Treatment Options

Medical Treatment

Rest and reassurance

Topical treatment:

-Anticoagulant ointments:like heparin ointments. Although topical heparin products are not available in the United States, in other countries they are used for the treatment of thrombophlebitis. The active ingredient in topical heparin is Heparinoid, a mixture of sulphated glycosaminglycoruans derived from hog mucosa. Compared to heparin (average molecular weight of 12,000 to 15,000 daltons), heparinoid has a lower molecular weight (average 5,000 to 6,000). The efficacy is unproven, because of lack of well-designed studies.

-Anaesthetic infiltrations around the lesion with lidocaine.

Systemic Treatment

Nonsteroidal antiinflammatory drugs

Indomethasin is a potent inhibitor of cyclo-oxygenase.

–Dosage: 50mg daily in adults and in children 14 years and older. Taper as symptoms resolve.

-Interactions: Coadministration with other NSAIDs increases the risk of renal insufficiency and gastrointestinal bleeding. Probenecid may increase concentrations and possibly, toxicity of NSAIDs. It may decrease effect of hydralazine, captopril, and beta-blockers. It may decrease diuretic effects of furosemide and thiazides. It may increase protrombin time when taking anticoagulants, also it may increase risk of metotrexate toxicity and levels of phenytoin.

-Contraindications: Documented hypersensitivity, gastrointestinal bleeding, renal insufficiency…

-Precautions: Category B in pregnancy and category D in third trimester of pregnancy. It may mask signs of infection, cause fluid retention, peripheral edema, and deterioration of circulatory hemodynamics. It can inhibit platelet aggregation and prolong bleeding time, liver and kidney damage may occur (rare)

Aspirin inhibits prostaglandin synthesis

-Dosage: In adults, 325-650mg each 4-6 hours, not to exceed 4 g daily. Pediatric: dose 10-15 g/kg/dose every 4-6 hours, not to exceed 60-80mg/kg/day.

-Interactions: Effects may decrease with antiacids and urinary alkalinizers, corticosteroids decrease salicylate serum levels, additive hypoprothrombinemic effects and increased bleeding time may occur with coadministration of anticoagulants, may antagonize uricosuric effects of probenecid, and increase the toxictiy of phenytoin and valproic acid, doses more than 2g/day may potentiate the glucose-lowering effect of sulfonylurea drugs.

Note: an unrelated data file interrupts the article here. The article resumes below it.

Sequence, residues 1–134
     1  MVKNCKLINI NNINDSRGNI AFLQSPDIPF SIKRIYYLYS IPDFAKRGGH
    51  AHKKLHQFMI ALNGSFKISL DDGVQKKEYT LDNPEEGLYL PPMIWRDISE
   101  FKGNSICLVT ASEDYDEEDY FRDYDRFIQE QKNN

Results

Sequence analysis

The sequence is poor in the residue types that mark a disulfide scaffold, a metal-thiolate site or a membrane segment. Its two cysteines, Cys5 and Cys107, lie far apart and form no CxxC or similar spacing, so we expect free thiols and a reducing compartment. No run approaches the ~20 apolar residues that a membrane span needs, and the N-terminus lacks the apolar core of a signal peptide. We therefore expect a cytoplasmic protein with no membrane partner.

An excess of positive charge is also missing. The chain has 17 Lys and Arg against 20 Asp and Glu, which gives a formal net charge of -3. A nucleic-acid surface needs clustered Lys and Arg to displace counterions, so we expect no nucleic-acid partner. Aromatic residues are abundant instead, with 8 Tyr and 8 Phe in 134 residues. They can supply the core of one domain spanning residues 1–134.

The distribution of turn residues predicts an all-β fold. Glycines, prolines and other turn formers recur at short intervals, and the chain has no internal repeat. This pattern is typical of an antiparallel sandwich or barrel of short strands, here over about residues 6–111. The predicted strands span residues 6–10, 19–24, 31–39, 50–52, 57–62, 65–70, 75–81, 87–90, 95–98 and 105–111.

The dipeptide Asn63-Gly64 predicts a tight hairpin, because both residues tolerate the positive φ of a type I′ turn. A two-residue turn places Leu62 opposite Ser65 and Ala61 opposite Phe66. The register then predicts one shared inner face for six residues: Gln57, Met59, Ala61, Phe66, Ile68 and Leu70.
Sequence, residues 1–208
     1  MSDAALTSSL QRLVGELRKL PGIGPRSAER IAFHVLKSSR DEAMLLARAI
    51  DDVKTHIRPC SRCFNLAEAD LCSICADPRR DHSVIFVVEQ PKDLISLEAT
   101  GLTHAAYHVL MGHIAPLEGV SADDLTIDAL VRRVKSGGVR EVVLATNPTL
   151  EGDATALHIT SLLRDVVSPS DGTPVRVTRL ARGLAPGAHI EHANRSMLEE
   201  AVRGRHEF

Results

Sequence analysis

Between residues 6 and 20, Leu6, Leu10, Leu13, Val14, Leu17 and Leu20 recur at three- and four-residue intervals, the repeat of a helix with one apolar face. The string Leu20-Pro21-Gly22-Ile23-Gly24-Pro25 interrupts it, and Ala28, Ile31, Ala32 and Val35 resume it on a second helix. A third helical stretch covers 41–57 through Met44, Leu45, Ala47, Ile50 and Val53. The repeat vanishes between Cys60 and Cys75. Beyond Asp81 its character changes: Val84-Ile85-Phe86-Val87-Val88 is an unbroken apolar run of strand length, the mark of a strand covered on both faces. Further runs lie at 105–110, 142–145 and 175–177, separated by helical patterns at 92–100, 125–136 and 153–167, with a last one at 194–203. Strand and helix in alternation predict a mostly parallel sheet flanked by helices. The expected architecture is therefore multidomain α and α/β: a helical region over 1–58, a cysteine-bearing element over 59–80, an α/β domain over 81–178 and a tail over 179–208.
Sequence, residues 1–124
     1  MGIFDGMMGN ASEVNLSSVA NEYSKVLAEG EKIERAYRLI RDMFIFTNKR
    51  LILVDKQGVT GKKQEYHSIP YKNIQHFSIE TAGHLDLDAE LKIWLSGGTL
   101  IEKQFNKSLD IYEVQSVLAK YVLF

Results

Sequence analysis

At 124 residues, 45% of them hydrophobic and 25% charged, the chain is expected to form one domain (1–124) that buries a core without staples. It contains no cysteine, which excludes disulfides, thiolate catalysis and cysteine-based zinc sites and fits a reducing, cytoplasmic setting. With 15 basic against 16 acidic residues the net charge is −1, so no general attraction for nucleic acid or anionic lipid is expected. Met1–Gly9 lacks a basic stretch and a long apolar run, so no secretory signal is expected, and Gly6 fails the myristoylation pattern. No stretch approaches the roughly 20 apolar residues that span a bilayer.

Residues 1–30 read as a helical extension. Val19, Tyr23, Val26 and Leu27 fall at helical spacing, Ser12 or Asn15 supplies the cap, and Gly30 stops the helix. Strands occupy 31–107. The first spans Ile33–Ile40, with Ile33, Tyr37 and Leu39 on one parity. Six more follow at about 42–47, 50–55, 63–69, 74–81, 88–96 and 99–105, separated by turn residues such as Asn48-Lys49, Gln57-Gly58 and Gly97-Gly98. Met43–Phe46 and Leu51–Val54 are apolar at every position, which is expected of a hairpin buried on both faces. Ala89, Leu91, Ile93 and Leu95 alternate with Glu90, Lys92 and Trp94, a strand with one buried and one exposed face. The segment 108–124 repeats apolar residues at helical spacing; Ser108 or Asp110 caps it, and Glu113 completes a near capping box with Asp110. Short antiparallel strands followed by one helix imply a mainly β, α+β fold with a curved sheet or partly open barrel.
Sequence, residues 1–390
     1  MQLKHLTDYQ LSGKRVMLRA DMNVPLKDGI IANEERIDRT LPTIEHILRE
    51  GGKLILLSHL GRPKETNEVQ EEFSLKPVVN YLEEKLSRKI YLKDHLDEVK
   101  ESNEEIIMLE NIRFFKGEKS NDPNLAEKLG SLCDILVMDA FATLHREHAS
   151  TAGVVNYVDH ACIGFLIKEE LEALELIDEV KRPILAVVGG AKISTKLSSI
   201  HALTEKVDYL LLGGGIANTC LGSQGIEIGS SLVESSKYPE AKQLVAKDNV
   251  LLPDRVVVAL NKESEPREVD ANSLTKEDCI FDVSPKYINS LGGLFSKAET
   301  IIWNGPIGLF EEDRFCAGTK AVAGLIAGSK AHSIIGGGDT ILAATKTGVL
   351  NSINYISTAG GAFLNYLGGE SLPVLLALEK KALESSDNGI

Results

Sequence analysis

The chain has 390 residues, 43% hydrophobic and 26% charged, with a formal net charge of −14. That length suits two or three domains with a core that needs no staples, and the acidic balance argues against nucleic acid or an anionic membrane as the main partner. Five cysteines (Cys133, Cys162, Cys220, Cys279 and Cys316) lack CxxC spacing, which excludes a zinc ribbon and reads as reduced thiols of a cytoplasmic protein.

-Contraindications: Documented hypersensitivity, liver damage, hypoprothrombinemia, vitamin K deficiency, bleeding disorders, asthma. Do not use in children (<16years) with flue because of the risk of Reye syndr

-Precautions: Category C in pregnancy, category D in third trimestrer. It may cause transient decrease of the renal function and aggravate chronic kidney disease; avoid use in patients with severe anemia, in those with a history of blood coagulation defects, or in those taking anticoagulants.

Surgical Treatment (only in persistent disease or recurrences)


-Superficial vein resection

Optimal Therapeutic Approach for this Disease

After ruling out associated systemic disorders (with a hypercouagable workup and age appropriate cancer screening), conservative therapy is recommended, as Mondor’s disease is a self-limited condition. Avoid overaggresive treatment, to prevent physical and emotional trauma. In most cases, a proper explanation, strong reassurance, and temporary rest (or sexual abstinence in the case of penile Mondor’s disease) is enough. Antiinflammatory drugs combined with anticoagulant ointments (heparin oinments) might decrease the time to resolution. (which varies between 4-8 weeks) (heparin oinments are available outside USA only)

In cases with pain, usually symptomatic treatment with antiinflammatory drugs is enough. If that is inadequate for controlling the pain , anaesthetic infiltrations with lidocaine around the lesion would be valuable. In recurrent or persistent disease, a thrombectomy or superficial vein resection may be warranted. Patients found to have a hypercouaguable state should be referred to a hematologist; alternatively, patients may be referred to a hematologist to perform the hypercoauguable work-up.

Patient Management

In almost every case, the disease heals without treatment in appoximately 4-8 weeks. Reassurance during follow-up outpatient visits is beneficial. It is essential for the clinician to recognize and differentiate the condition from a carcinoma. As in other forms of migratory thrombophlebitis, Mondor’s disease may be a marker of an undiagnosed carcinoma; therefore, continuous reassessments are encouraged.

Unusual Clinical Scenarios to Consider in Patient Management

In recurrent or persistent disease, it may be necessary to perform a thrombectomy or superficial vein resection to avoid new episodes or achieve long-term pain control. When associated with deep vein thrombosis or other thrombotics events, antiaggregant or anticoagulant therapy should be considered.